Is Gamification A Bad Word?
Earlier tonight I appeared on a Social Media Week panel about gamification and social media. The panel was moderated by International Game Developers Association member Anne Toole, and my fellow panelists were Garick Chan of Satya Solutions, Sophia Viklund of BackCode, and Matthew Arevalo Loot Crate.
Here are some of my answers to the questions I was asked.
What is gamification? What’s the difference between that and serious games?
Gamification is simply the use of game mechanics in non-game settings such as education, training, and marketing. Serious games are games that are full games with a purpose besides entertainment — again, such as education, training and marketing.
Imagine a chart where one axis is whether the activity was “fun or purposeful” and the other axis as “game or not game”. In the “fun” and “not game” quadrant would be playful design (a term coined by game designer Jane McGonigal) which are fun elements, such as graphics, that make a non-game experience fun. An example would be the “Fail Whale” screen on Twitter that appears when the system can’t accept your tweet. In the “purposeful” and “not game” quadrant would be gamification. Serious games would fall in the “purposeful” and “game” quadrant, while games would be in the “fun” and “game” quadrant.
Gamification is sometimes considered a bad word in the game industry. Why is that?
I’ll give you three reasons. First, the game industry has always looked down on anything related to gaming that is considered to be too simple. I remember the second Game Developers Conference — which was back then called the Computer Game Developers Conference — and the big debate then was whether console game developers should be allowed to attend, because at the time console games weren’t considered to be too simple to be taken seriously.
Second, because we are a creative industry, we tend to have a more liberal political outlook. As a consequence, we tend to be suspicious of Big Business and the use of gaming elements to promote consumerism.
Third, the fact is, most gamification is poorly implemented. It relies too much on points, badges and leaderboards. There is a lack of the use of narrative, randomness, exploration and other game mechanics that professional game designers bring to the table.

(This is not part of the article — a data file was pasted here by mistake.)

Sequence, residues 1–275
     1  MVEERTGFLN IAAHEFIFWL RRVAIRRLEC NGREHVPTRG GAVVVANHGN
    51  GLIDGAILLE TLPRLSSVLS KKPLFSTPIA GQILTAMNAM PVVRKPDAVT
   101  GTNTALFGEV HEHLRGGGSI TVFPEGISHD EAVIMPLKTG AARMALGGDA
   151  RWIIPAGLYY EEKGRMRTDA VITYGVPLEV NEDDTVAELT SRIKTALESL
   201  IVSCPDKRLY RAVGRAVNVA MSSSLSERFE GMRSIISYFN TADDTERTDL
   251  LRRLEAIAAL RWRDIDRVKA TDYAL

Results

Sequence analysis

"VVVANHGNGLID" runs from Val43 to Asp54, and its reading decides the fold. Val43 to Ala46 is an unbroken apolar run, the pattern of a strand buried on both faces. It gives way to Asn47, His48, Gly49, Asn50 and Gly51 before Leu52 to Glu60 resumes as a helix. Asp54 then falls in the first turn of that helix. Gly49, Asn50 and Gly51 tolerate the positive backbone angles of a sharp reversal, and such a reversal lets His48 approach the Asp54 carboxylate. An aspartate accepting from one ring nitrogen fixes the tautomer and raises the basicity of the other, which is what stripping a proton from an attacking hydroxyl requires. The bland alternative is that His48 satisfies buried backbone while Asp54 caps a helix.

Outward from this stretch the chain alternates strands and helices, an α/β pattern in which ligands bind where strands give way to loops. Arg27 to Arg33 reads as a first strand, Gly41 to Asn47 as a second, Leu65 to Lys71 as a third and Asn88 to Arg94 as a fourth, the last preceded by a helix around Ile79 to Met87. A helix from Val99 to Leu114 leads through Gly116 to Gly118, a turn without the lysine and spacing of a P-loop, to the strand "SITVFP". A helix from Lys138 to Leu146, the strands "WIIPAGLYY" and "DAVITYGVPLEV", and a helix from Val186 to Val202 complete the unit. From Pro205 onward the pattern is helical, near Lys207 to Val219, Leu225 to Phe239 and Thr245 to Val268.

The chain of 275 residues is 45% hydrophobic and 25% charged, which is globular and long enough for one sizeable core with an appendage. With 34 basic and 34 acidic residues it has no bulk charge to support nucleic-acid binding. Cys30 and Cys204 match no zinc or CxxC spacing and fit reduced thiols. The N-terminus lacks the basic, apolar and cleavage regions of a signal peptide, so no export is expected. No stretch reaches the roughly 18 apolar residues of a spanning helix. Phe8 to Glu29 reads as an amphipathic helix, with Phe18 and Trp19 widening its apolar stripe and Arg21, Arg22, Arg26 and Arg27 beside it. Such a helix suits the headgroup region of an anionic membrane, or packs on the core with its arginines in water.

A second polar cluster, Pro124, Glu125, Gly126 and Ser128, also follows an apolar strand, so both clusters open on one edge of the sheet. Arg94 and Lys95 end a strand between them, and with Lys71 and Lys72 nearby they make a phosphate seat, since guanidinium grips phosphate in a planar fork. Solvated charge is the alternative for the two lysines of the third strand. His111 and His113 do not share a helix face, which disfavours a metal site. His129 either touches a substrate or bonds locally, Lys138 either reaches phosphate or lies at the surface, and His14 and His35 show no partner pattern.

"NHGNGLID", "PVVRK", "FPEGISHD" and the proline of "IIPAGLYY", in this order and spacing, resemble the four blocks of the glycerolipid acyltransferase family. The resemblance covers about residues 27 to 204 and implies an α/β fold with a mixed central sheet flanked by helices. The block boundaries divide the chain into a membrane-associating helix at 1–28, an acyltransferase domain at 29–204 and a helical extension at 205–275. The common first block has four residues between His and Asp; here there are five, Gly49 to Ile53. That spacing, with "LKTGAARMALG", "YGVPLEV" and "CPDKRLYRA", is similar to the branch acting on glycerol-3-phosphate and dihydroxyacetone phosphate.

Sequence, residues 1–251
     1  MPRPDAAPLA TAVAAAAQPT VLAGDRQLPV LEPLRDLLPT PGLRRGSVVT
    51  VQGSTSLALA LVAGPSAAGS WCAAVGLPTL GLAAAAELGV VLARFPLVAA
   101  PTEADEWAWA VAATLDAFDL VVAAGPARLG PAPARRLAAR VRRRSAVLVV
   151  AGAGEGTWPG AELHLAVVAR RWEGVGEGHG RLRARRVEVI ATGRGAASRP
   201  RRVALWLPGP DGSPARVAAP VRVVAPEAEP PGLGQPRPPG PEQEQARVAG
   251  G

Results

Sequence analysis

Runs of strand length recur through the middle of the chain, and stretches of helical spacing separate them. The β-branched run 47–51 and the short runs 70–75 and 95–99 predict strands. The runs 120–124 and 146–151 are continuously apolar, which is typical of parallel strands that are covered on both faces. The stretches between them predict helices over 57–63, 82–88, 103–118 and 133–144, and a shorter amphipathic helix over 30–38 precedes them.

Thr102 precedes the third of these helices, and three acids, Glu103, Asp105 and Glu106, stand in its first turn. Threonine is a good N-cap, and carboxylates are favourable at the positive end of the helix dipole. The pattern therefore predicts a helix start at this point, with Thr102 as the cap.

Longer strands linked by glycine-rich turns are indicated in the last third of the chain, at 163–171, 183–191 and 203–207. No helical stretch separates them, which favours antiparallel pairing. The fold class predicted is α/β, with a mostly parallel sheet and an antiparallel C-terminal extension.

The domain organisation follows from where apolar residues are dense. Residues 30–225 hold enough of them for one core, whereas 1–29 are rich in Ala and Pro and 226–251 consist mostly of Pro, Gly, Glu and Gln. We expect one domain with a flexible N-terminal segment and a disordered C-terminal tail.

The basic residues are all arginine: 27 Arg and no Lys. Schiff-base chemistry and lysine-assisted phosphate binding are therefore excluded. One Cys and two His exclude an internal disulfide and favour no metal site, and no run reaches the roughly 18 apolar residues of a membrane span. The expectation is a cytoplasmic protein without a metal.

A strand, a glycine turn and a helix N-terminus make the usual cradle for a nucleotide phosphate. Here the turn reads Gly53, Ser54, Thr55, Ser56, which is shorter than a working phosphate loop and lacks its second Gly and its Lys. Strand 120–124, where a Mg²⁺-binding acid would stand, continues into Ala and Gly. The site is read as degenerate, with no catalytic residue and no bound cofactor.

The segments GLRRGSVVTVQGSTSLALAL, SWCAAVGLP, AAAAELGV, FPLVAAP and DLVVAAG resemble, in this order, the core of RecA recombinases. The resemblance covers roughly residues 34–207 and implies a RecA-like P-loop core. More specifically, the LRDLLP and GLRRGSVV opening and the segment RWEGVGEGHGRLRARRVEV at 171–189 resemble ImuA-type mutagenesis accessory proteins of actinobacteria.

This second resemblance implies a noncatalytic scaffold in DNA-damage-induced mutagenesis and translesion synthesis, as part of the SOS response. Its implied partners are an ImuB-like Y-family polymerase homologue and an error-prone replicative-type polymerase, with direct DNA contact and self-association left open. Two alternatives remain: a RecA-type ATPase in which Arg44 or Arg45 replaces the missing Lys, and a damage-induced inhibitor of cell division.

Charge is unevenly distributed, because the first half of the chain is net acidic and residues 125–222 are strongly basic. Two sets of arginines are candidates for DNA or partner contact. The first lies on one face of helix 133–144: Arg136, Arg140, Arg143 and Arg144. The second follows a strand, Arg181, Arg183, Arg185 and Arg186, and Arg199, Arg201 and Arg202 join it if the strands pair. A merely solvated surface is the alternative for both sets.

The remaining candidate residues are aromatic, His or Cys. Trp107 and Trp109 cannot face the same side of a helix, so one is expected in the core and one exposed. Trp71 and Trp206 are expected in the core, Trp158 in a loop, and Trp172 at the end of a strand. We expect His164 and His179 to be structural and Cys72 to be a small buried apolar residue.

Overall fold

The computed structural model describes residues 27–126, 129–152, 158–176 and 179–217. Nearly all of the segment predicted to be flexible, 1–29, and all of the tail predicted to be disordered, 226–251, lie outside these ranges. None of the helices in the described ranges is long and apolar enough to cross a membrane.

What are the tools used in gamifying social media — examples might be on Linkedin or OKCupid.
I think the Progress Bar on LinkedIn is an excellent use of gamification. If the Progress Bar isn’t full, I want to fill in my profile with any missing sections so that I feel that my profile is competitive. And when it is full, I feel good about my profile. It appeals both to my drive for accomplishment and my sense of competitiveness.
Badges, progress bars, contests, etc. are what usually come to mind when thinking of gamification. What are the drawbacks about using them without a full game design behind it?
You don’t need to use a full game design, but those aren’t the only items in the gamification tool kit. The game mechanics you mentioned appeal to the users who are interested in accomplishment, but that’s not necessarily the only user you need to appeal to.
Andrzej Marczewski came up with a good system of classifying player types for gamification. Some players will be interested in the specific activity or product just for its own sake. Otherwise, you need to use the mechanics appropriate to the type of player. Achievers are interested in the challenge of achieving difficult goals, so points and badges work well for them. However, Socializers are more interested in interacting with other people and engaging in cooperative and competitive activities. Free Spirit types want activities in which they can engage in exploration and activities, while Philanthropists seek to engage in activities that fulfill a sense of purpose, such as contributing to a charity or expanding their horizons. It’s important for the gamification designer to understand their users and choose the game mechanics that best work for them.
When it comes to social media, is gamification a bad word, or a good word? You get the final word!
Gamfication is certainly an ugly-sounding word, but there’s nothing wrong with the idea. Although the word itself was coined only about ten years ago, the concept has been around forever. I remember my mom collecting S&H Green Stamps at the market so that we had enough to pay for a trip to Disneyland. Boy Scouts have been using badges for one hundred years, combining the sense of achievement with the public recognition of the awards ceremony and the intrinsic reward of the value of the skill learned when obtaining the merit badge. Even taxes have been successfully gamified — have you ever played the lottery?
And for my fellow game designers who look down on this — I say, “Shame on them!” What’s wrong with making the world more fun?